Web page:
Managing androgenic alopecia


Have you felt that you are increasingly losing hair and that your hair has become thin? It is pretty likely that you have androgenic alopecia. Never delay seeking medical help for hair loss, as doctors can help well in the early stages of the disease. However, doctors can do little in later stages due to irreversible loss of hair follicles.

Androgenic alopecia also called androgenetic alopecia, is the leading cause of hair thinning and hair loss in men and women, affecting about half of the global population.

It is a condition that run-in families. However, it appears that the main cause of the condition is higher amounts of 5-alpha-reductase in hair follicles in susceptible individuals due to genetic reasons. This causes the increased conversion of testosterone to dihydrotestosterone (DHT) in hair follicles, causing hair loss.

Managing androgenic alopecia

There are many topical solutions and oral drugs used to manage androgenic alopecia.

When it comes to topical solutions, it is worth understanding that there is only one medication that is US FDA approved and globally tested to date. 5% Minoxidil is the only effective topical medication that can help in most cases of androgenic alopecia, especially if the treatment is started early enough. Of course, other hair oils and vitamins may also promote hair growth, but they are not as effective as minoxidil.

Systemic reviews show that minoxidil can boost hair growth significantly compared to placebo. However, although topical minoxidil results are excellent, its prolonged use is essential to see any visible difference. Thus, researchers think that there are significant issues regarding compliance.

When it comes to oral drugs, they might be used alone or in combination with topical minoxidil. Among the most commonly used and clinically effective drug is finasteride. It is a 5-alpha reductase inhibitor.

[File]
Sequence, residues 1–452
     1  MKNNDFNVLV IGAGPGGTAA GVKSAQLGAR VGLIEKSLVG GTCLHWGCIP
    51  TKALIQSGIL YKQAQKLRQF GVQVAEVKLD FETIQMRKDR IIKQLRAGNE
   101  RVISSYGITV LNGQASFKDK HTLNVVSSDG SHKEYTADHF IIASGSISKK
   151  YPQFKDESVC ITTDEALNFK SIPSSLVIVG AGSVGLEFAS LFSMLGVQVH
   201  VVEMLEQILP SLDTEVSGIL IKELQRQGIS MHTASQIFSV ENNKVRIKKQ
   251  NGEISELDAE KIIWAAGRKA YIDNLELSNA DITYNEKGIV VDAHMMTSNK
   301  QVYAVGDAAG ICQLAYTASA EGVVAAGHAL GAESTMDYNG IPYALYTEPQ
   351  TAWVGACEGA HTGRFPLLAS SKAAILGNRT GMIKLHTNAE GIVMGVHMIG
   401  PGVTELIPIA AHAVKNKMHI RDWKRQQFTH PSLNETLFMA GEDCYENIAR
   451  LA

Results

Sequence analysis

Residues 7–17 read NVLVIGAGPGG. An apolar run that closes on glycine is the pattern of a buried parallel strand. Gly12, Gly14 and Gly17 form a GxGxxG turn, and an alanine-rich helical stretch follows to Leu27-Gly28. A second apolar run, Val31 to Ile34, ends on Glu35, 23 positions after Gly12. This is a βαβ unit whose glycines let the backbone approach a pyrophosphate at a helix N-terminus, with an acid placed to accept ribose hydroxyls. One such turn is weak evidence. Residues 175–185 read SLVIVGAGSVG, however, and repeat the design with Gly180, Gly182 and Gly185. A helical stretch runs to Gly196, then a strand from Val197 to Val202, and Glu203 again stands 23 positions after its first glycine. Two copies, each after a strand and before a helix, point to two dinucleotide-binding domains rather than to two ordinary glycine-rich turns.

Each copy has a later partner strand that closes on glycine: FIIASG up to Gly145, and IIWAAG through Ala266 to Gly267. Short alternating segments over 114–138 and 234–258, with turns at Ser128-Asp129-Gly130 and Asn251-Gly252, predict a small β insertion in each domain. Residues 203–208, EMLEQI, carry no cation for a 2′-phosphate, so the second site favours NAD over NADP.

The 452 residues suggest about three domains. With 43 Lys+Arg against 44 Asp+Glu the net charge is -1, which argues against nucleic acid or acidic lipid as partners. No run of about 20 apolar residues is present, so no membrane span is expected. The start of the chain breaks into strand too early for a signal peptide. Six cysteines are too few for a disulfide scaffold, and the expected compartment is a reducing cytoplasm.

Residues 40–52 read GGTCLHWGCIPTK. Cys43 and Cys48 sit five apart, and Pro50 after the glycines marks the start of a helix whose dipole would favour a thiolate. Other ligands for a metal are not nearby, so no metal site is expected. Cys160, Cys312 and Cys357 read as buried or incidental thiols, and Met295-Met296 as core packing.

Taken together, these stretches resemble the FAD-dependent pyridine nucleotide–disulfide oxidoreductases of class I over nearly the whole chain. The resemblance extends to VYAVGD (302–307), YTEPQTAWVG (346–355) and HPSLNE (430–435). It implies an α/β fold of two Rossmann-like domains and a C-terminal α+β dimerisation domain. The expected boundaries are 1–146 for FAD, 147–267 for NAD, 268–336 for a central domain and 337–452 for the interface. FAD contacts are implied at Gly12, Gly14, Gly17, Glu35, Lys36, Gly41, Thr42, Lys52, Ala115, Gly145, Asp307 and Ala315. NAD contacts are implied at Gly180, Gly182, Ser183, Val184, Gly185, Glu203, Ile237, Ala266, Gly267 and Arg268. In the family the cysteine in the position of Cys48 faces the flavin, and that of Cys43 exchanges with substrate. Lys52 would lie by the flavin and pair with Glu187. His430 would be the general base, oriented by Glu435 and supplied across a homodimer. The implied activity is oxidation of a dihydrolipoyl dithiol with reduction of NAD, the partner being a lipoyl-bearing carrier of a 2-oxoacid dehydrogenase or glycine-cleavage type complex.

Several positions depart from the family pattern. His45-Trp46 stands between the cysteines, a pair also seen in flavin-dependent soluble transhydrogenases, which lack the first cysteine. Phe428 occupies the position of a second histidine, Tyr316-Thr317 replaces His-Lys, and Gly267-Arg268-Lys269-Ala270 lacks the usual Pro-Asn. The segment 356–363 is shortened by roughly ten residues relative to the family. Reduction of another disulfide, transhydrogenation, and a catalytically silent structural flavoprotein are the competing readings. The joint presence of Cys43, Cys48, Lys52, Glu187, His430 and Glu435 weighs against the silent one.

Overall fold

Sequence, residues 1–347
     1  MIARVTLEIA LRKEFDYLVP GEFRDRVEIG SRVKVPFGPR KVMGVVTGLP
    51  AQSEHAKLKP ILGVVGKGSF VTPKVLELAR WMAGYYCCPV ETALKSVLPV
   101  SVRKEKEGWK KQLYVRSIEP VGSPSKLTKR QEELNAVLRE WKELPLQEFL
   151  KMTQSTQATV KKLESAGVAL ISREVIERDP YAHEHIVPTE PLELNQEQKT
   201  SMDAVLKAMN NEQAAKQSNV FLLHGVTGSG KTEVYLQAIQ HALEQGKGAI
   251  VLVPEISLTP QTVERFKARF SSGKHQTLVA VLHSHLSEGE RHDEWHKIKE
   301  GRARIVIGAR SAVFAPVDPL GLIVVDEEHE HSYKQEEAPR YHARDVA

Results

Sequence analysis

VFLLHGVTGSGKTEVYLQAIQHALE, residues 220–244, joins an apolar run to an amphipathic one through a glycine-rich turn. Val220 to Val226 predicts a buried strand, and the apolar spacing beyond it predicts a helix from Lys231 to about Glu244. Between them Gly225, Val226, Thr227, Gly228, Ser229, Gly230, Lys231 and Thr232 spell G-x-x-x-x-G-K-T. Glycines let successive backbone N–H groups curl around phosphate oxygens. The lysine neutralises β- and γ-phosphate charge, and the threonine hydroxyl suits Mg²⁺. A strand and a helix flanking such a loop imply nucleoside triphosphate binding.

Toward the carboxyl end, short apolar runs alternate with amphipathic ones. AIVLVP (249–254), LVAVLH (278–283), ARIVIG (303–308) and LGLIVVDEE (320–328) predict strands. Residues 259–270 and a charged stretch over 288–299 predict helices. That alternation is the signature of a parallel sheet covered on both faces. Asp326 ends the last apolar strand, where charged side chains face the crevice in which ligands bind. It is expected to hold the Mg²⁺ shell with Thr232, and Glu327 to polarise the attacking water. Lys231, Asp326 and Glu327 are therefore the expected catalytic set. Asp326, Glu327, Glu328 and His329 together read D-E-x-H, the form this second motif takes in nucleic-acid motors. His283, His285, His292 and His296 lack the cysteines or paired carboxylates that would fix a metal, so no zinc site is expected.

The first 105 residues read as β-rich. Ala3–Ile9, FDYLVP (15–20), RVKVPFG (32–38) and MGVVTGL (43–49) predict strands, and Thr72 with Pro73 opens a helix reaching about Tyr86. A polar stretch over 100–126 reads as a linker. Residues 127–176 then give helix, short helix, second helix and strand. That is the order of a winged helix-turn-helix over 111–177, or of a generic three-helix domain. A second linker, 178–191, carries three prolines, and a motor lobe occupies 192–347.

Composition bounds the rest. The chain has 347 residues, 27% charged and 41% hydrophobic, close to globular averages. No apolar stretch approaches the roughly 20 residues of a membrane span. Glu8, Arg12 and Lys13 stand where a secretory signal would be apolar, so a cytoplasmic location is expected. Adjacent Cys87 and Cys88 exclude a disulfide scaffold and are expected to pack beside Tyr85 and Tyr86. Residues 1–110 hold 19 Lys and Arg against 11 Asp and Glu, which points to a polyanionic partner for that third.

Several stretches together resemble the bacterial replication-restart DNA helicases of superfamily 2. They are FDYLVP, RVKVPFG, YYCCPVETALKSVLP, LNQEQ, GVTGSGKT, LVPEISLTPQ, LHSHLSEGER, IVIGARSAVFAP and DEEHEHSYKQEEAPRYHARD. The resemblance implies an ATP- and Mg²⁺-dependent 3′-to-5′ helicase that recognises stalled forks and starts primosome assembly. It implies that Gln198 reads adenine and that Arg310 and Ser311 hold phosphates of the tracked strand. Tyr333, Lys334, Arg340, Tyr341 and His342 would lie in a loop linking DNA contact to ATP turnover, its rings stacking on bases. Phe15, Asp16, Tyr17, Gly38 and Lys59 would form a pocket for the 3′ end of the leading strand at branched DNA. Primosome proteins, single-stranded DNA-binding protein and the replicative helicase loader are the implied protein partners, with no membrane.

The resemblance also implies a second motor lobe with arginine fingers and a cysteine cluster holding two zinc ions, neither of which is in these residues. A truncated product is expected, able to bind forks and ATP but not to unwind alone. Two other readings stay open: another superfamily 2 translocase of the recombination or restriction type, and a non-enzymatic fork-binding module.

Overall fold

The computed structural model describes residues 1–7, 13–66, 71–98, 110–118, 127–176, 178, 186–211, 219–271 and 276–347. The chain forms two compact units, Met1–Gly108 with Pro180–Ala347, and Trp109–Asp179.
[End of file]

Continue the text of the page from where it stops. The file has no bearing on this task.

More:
A systemic review published in the journal JAMA found that there is strong evidence that finasteride can help improve hair count in those diagnosed with androgenic alopecia. However, it appears to increase the risk of sexual dysfunction in men.

Interestingly enough, there is also increasing interest in the use of topical finasteride. Early studies use that it may help. The benefit of using topical finasteride is that it is less likely to cause sexual dysfunction in men.

Another finasteride analog called dutasteride has also been approved in many countries in the last few years. It is several times more potent than finasteride in blocking 5-alpha-reductase in the hair follicle. It is generally prescribed to those in whom finasteride failed to help.

Doctors generally avoid prescribing antiandrogens like finasteride to women due to the higher risk of side effects. Thus, in women, they prefer spironolactone. Spironolactone is a mild antihypertensive that can block androgens at a lower dosage.

Researchers have also started exploring non-pharmacological means for stimulating hair growth in recent years. For example, some studies suggest that red light therapy may help prevent hair loss. Moreover, this therapy is highly safe and available without a doctor’s prescription.

Those who fail to respond to these treatments may ultimately require a hair transplant.

Androgenic alopecia and comorbidities

Since the condition is about altered sensitivity to androgens, some researchers think that those living with androgenic alopecia might be at a greater risk of benign prostate hypertrophy (BPH). However, the results of studies are mixed, with some studies confirming this theory while others found no such link. Nevertheless, it is something to know.

Similarly, some studies have proposed that androgenic alopecia is associated with a higher risk of prostate cancer. In addition, some studies also indicate an increased risk of colon cancer in such individuals.


To conclude, androgenic alopecia is challenging to treat. However, it is possible to slow down or prevent hair loss in the condition. But, it would often require prolonged use of topical solutions, oral medicines, and thus issues regarding compliance and higher risk of side effects.

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